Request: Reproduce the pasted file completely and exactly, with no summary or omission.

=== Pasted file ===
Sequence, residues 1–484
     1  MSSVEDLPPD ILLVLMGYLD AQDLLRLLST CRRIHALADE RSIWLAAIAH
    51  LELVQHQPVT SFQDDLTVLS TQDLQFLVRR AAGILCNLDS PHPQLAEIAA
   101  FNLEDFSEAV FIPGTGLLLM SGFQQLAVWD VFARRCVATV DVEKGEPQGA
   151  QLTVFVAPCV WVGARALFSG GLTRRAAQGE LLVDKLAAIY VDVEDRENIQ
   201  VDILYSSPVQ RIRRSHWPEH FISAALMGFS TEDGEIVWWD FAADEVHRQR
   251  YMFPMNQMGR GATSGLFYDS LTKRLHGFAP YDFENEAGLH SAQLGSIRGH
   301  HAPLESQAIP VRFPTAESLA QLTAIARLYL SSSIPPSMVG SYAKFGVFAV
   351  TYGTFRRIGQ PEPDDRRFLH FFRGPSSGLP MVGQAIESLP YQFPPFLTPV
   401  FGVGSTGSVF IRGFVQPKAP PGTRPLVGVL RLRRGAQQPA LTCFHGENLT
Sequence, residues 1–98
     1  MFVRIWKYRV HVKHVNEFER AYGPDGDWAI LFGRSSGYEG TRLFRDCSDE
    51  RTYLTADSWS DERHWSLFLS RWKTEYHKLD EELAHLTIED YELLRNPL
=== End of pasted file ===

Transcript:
Sequence, residues 1–484
     1  MSSVEDLPPD ILLVLMGYLD AQDLLRLLST CRRIHALADE RSIWLAAIAH
    51  LELVQHQPVT SFQDDLTVLS TQDLQFLVRR AAGILCNLDS PHPQLAEIAA
   101  FNLEDFSEAV FIPGTGLLLM SGFQQLAVWD VFARRCVATV DVEKGEPQGA
   151  QLTVFVAPCV WVGARALFSG GLTRRAAQGE LLVDKLAAIY VDVEDRENIQ
   201  VDILYSSPVQ RIRRSHWPEH FISAALMGFS TEDGEIVWWD FAADEVHRQR
   251  YMFPMNQMGR GATSGLFYDS LTKRLHGFAP YDFENEAGLH SAQLGSIRGH
   301  HAPLESQAIP VRFPTAESLA QLTAIARLYL SSSIPPSMVG SYAKFGVFAV
   351  TYGTFRRIGQ PEPDDRRFLH FFRGPSSGLP MVGQAIESLP YQFPPFLTPV
   401  FGVGSTGSVF IRGFVQPKAP PGTRPLVGVL RLRRGAQQPA LTCFHGENLT
Sequence, residues 1–98
     1  MFVRIWKYRV HVKHVNEFER AYGPDGDWAI LFGRSSGYEG TRLFRDCSDE
    51  RTYLTADSWS DERHWSLFLS RWKTEYHKLD EELAHLTIED YELLRNPL